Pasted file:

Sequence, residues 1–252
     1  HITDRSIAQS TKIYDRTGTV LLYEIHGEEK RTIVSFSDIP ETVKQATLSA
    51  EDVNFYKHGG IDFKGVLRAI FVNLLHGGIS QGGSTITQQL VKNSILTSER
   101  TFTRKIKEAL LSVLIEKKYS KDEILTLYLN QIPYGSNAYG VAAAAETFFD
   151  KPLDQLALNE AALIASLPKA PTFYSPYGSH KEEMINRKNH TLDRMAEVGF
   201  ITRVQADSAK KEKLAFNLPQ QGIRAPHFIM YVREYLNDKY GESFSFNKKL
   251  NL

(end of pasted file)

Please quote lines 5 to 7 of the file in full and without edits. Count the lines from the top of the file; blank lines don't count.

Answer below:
   151  KPLDQLALNE AALIASLPKA PTFYSPYGSH KEEMINRKNH TLDRMAEVGF
   201  ITRVQADSAK KEKLAFNLPQ QGIRAPHFIM YVREYLNDKY GESFSFNKKL
   251  NL